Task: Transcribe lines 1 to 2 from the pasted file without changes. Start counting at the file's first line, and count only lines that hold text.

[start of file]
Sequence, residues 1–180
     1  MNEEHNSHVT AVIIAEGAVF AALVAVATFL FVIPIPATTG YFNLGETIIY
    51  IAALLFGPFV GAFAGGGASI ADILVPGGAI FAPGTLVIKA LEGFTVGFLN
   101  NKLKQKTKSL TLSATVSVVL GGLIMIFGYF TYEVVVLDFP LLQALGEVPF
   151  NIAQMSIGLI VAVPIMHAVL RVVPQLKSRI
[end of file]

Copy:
Sequence, residues 1–180
     1  MNEEHNSHVT AVIIAEGAVF AALVAVATFL FVIPIPATTG YFNLGETIIY